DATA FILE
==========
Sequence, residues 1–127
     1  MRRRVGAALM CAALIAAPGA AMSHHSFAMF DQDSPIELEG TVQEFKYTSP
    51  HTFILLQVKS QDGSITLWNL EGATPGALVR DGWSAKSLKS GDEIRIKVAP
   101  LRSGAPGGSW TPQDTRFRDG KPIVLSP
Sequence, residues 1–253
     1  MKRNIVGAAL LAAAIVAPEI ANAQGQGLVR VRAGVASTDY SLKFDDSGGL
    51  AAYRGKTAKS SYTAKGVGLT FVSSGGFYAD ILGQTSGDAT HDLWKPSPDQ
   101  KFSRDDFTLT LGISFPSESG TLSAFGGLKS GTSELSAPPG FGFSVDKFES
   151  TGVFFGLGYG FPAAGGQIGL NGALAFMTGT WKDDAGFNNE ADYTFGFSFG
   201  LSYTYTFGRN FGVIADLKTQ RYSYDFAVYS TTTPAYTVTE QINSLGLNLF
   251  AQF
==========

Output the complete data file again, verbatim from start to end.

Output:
Sequence, residues 1–127
     1  MRRRVGAALM CAALIAAPGA AMSHHSFAMF DQDSPIELEG TVQEFKYTSP
    51  HTFILLQVKS QDGSITLWNL EGATPGALVR DGWSAKSLKS GDEIRIKVAP
   101  LRSGAPGGSW TPQDTRFRDG KPIVLSP
Sequence, residues 1–253
     1  MKRNIVGAAL LAAAIVAPEI ANAQGQGLVR VRAGVASTDY SLKFDDSGGL
    51  AAYRGKTAKS SYTAKGVGLT FVSSGGFYAD ILGQTSGDAT HDLWKPSPDQ
   101  KFSRDDFTLT LGISFPSESG TLSAFGGLKS GTSELSAPPG FGFSVDKFES
   151  TGVFFGLGYG FPAAGGQIGL NGALAFMTGT WKDDAGFNNE ADYTFGFSFG
   201  LSYTYTFGRN FGVIADLKTQ RYSYDFAVYS TTTPAYTVTE QINSLGLNLF
   251  AQF